The IMF and World Bank had predicted incremental growth, if that, for Iran in 2020. In view of coronavirus concerns, marginal growth now seems highly unlikely.




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Iran is also stricken by skyrocketing rates of inflation. The IMF put the figure for 2019 at 35.7%. The Statistical Centre for Iran assessed the number higher at nearly 50%.

Food and fuel costs have gone through the roof. This has been the main cause of the civil unrest that continues to beset the regime. With US-sponsored sanctions in place and now a health crisis bedevilling the country, there is little relief in sight.

What is clear is Iran is facing its most challenging moment since 1988 and the end of its war with Iraq in which an estimated 500,000 Iranians were killed. War costs bled the economy dry.

In some ways, the latest situation may be more challenging for the regime given that Iranians were unified in a war effort. That unity is now a distant memory.The Conversation

Tony Walker, Adjunct Professor, School of Communications, La Trobe University

This article is republished from The Conversation under a Creative Commons license. Read the original article.

Political assassinations were once unthinkable. Why the US killing of Soleimani sets a worrying precedent



The assassination of Iranian General Qassem Soleimani has sparked protests in a number of countries – both Muslim and non-Muslim.
RAHAT DAR/EPA

Ben Rich, Curtin University

Since the US assassination of Iranian general Qassem Soleimani, the immediate crisis appears to have dissipated. However, the wider ramifications pose a worrying precedent for international affairs.

For many, the killing was unexpected. But this was no Trump administration miscalculation. It’s the latest in a wider decay of the liberal norms that underpin diplomacy, conflict resolution and the day-to-day functioning of interstate relations.

Once championed by Washington, these rules have become increasingly rejected under President Donald Trump. That threatens to inject even more instability into our global system.

What are norms in international relations?

“Norms” is the term foreign policy people use to mean actions that are implicitly or explicitly acknowledged as reasonable for states to undertake – like a rulebook that guides the conduct of international relations. Norms influence everything from human rights protection to when and how it is appropriate to use force.

Norms differ from laws, as they lack formal enforcement mechanisms. Nevertheless, there can be major repercussions when they are violated.

Norms change over time, often shaped by dominant cultural, ideological and political trends.




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For instance, in previous centuries, war was seen as a natural part of statecraft and something to be celebrated. However, this view has changed markedly, largely due to the catastrophic great wars. Today, war is viewed by most countries as something to be avoided, and only used as a last resort.

This has led to an overall decline in major conflicts and the establishment of a range of international bodies designed to prevent, constrain and moderate war.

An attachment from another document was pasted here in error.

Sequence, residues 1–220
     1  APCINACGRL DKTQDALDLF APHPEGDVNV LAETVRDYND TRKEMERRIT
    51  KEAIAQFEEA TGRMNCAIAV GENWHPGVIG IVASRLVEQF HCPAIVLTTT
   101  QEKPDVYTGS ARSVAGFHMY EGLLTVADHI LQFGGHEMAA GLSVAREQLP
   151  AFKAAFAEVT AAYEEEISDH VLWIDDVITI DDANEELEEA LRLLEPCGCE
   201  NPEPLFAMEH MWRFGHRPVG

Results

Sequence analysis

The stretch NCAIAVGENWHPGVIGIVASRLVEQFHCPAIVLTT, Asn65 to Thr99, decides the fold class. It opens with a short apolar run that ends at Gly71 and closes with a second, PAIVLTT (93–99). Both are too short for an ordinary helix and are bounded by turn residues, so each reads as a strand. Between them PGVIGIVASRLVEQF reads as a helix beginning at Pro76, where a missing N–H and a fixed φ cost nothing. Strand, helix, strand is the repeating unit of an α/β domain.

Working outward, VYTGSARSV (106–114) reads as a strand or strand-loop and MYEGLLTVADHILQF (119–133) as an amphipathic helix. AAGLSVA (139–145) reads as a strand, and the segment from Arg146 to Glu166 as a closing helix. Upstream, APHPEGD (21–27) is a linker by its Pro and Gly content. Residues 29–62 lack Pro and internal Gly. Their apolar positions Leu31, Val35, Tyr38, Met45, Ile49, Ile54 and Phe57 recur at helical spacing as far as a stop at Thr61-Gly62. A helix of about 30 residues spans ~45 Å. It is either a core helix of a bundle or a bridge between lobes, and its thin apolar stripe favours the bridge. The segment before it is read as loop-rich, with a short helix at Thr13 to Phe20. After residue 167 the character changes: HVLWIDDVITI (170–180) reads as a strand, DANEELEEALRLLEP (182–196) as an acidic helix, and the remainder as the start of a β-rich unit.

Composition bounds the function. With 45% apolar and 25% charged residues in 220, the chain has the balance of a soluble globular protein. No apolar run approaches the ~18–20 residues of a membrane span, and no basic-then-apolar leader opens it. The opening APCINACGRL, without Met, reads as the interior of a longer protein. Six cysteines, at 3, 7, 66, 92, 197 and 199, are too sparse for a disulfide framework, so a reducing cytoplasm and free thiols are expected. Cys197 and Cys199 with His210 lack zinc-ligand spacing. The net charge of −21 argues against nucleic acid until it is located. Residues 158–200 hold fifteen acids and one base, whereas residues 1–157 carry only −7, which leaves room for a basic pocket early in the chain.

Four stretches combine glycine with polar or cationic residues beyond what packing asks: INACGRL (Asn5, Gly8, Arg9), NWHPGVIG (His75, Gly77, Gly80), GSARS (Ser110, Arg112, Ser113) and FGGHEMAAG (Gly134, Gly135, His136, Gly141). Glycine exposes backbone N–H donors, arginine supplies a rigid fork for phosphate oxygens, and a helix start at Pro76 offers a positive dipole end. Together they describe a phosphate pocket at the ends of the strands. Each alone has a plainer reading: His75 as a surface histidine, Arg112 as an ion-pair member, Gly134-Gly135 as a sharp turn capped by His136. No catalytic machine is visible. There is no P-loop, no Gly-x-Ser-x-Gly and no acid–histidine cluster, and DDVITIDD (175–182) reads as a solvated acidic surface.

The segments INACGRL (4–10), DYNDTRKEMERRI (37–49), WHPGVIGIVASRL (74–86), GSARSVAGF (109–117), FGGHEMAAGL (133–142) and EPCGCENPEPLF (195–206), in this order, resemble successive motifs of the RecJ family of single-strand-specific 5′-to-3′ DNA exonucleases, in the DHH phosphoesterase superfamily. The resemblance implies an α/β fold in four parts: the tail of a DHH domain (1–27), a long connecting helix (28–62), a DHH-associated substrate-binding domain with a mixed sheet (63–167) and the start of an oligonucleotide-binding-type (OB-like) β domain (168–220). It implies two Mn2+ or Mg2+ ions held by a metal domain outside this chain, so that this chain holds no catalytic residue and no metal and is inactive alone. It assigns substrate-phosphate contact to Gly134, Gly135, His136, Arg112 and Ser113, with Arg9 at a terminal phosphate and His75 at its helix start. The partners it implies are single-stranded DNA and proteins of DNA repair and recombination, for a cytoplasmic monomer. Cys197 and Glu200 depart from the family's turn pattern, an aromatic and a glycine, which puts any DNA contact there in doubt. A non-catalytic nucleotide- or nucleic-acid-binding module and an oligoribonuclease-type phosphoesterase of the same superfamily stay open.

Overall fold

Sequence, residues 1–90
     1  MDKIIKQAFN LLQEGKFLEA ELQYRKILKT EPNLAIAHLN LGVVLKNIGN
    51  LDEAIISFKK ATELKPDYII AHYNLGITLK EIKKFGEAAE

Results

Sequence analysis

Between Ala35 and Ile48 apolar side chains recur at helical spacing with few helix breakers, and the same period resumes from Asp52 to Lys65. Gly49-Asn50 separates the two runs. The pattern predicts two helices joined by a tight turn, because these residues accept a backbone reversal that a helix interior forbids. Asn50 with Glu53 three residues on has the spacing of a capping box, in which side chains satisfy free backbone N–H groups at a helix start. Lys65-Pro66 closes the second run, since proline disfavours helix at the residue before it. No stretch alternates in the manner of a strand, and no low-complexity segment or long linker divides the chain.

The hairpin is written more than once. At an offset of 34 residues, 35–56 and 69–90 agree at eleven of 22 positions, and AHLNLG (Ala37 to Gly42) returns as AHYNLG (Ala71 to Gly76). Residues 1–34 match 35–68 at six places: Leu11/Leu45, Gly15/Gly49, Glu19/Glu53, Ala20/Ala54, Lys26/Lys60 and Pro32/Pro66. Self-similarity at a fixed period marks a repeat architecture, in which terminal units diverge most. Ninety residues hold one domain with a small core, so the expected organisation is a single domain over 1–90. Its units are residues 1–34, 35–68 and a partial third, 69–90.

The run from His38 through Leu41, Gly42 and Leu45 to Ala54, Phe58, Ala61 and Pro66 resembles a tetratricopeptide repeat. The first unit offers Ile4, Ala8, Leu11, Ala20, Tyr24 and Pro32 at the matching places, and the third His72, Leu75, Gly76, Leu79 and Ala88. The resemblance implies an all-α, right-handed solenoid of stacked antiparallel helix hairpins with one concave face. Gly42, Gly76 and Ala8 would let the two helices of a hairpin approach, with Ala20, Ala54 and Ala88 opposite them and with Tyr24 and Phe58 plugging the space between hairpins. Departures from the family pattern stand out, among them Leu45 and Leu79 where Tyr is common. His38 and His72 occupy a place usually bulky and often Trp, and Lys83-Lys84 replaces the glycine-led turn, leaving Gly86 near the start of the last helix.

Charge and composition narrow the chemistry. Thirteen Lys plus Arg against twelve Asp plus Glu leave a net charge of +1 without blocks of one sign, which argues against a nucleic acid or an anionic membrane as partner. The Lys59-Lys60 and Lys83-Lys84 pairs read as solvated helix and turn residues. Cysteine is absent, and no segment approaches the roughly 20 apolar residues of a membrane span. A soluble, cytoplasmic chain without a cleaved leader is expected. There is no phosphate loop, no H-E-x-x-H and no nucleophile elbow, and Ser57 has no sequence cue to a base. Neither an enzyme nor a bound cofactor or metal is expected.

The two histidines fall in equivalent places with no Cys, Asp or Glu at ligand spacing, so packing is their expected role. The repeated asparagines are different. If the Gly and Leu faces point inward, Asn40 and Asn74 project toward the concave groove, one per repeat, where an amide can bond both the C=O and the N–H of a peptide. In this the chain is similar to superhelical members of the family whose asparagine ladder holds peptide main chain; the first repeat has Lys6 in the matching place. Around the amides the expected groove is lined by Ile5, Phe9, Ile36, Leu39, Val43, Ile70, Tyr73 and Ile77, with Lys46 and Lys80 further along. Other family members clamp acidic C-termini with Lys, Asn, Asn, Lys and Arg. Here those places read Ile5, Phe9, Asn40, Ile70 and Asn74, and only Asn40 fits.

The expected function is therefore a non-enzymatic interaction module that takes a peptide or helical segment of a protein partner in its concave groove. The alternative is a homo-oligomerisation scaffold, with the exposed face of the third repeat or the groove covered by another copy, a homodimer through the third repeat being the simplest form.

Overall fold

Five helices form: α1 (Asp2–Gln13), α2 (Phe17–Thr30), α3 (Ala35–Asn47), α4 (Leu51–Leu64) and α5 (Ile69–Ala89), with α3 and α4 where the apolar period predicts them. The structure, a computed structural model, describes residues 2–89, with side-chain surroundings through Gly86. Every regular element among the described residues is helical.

Norms provide a kind of “standard operating procedure” for states, which is especially pertinent in times of crisis and uncertainty. Understanding that one’s rivals generally wish to avoid conflict allows states to formulate policies aimed at deescalation and détente.

When countries deviate from these norms, however, it injects unpredictability into the system. This can lead to miscalculation, panicked escalation and, ultimately, violent conflict.

The US was once the biggest proponent of the rules-based international order. Not anymore.
Michael Reynolds/EPA

The rise of the ‘liberal international order’

The most influential body of norms today are encapsulated in what foreign policy analysts call the liberal international order, which emerged from Western consensus after the second world war.

This order does several important things, such as:

  • incentivises collective action over unilateralism;
  • encourages democracy, dialogue and understanding over authoritarianism and aggression; and
  • seeks to lessen violence by providing alternative means of resolving conflict.

The liberal international order rejects actions – such as the assassination of state officials like Soleimani – which are likely to inflame, rather than resolve, tensions.

Many scholars and analysts argue that such norms have been a significant factor in the period of relative global peace since the second world war.

The US and liberal international norms

Over the past 70 years, the US been at the centre of many of the institutions that promote these rules, including the WTO, NATO, UN and IMF.

While the constraints of the liberal international order have not always benefited it – Washington has lost numerous trade disputes in the WTO, for instance – the US has been able to shape the very nature of the international system.

It’s one thing to win in a game, quite another to dictate the rules by which that game is played.

As a result, the US has sought to promote itself not just as an adherent of liberal norms, but as an exemplar of them. Notable exceptions not withstanding, this has been a position held across both Republican and Democratic administrations, from Harry Truman to Barack Obama.

Mourners taking part in the funeral procession for Qassem Soleimani in Najaf, Iraq.